With a mix of unwavering candor and airs of utter silence—save for the spare audibilities of bodies merging with and within one another—Susan Silas photographs coital acts both as they are, on a most personal level, and as they change, indeed mature over time. Pamela Butler, blending notes of rambunctious humor with frank socio-political commentary across a full range of media, emphasizes the complicated virtues of certain aspects of gender identities while underscoring, at the same time, their inherent absurdities. Ventiko employs multiplied selves, fleshy sprawls and the atmospheric mystique of baroque lighting to create dramatic, at times diabolically operatic photographic tableaux of erotically charged pilings of carnality lost somewhere in the rich draperies of atemporal art histories. Rebecca Goyette, in her videos, sculptures and audience-inclusive performances, eschews subtleties and comfort zones altogether in favor of riotously rite-like send-ups of amorous relations in which merely blatant erotica—at times featuring lobsters—becomes the costumed revelry of sexed-up chaotica.
Clearly, sex and gender are fundamental themes in these artists’ creative practices. Their treatments of the same, however, are far from facile. We went right to the sources for the how and the why of all that, and to find out where we can see works by these artists in the coming months.
I have been asked if my images are erotic. How can I know if they are erotic for anyone else? I have been asked if my images are pornography. For me, pornography is defined by how an image is used and not by what it depicts. In the Christian tradition, ecstasy is closely associated with death. If ecstasy is a moment of lost consciousness or absence from one’s self, or if full self-presence and absence are difficult to tease apart, then in photography, it is presence before light captured on film that creates the image of the absent subject in the document of their presence in the photograph. love in the ruins: sex over 50 represents a part of my overall preoccupation with the singularity, fragility and finitude of sentient being. My work, THE SPECIMEN DRAWER, will be on exhibit at the University of Miami CAS Gallery in March, 2015. Please also see www.susansilas.com.
I see my work not as a direct investigation of sex and gender, but of the relationship of sex and gender to the overall dynamic of how an individual finds agency in the world. I seek out images that expose myths that lurk below our conscious awareness, governing much of our understandings of sex, gender and, beyond that, of cultural hierarchy, agency, and power dynamics. My work is currently focused on sexualized iconic females from the canon of modern western painting, and on how these images play into our overall cultural myth-making and how these myths affect me as a female painter in this tradition. In April I’ll be in a group show curated by Larry Walczak at Schema Projects, in Bushwick. My Good Girl Book is for sale at Printed Matter, Blonde Art Books and online. And there are lots of images and info on my website, pambutlerart.com.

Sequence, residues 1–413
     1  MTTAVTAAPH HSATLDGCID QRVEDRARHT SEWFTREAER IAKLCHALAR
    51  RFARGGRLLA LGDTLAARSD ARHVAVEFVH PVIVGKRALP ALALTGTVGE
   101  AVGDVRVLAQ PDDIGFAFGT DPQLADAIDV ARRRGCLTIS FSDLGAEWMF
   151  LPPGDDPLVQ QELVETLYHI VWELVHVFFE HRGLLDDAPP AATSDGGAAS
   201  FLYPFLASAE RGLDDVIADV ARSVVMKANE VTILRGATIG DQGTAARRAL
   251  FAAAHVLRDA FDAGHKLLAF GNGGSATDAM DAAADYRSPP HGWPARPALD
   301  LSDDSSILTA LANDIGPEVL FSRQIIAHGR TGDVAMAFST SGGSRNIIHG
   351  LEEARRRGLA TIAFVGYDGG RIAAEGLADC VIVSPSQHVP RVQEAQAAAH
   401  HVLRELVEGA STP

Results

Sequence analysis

Artists have always created depictions of sex. Sex is the most fundamental human interaction, yet the sexual image in art is taboo and controversial. I make direct sexual imagery; my costumed porn videos, erotic sculptural objects, and paintings purposely play their sexual hand on first read. But creating these works necessitates negotiation with intimacy, boundaries and trust between myself and my co-conspirators as we push ourselves and the audience’s comfort zone. The inner layers of my works deal with positive/negative emotions that come up from the sex act: ecstasy, self-love, love of the “other,” shyness/bravado, vulnerability/power, and alienation. I do this to tackle our implicit puritanism—to connect with and include our human nature in the conversation of art. I show my work at Freight & Volume Gallery in Chelsea, and I have a lot in the works for 2015. Look me up on www.rebogallery.com, Vimeo and Facebook for updates!
Modifications of behavior, thoughts, assumptions and expectations are most plausible in fabricated realities. I encourage removal of the day-to-day self by using a safe space (on set) to question possibilities of alternative selves through the manipulation of the human body, the use of personas, and the exploitation of both sexuality and sensuality. To further explore this last year (at Select Fair, during Art Basel in Miami), I produced a 28-foot site-specific installation and live photographic spectacle featuring a Real Doll, nudes and live peacocks, titled On Beauty. It was indeed disheartening that most audience reactions reinforced current social constructs of gender and femininity. The resulting images will be unveiled this year during Sanctum Sanctorum, a pop up residency this spring in NYC. I will have more exhibitions, but I’m most excited about my new partnership with Mariposa Foundation for Girls in the Dominican Republic, whose goal is to actively end generational poverty, alter traditional gender roles and reform practices involving child-brides.
You can follow Paul D’Agostino on Twitter @postuccio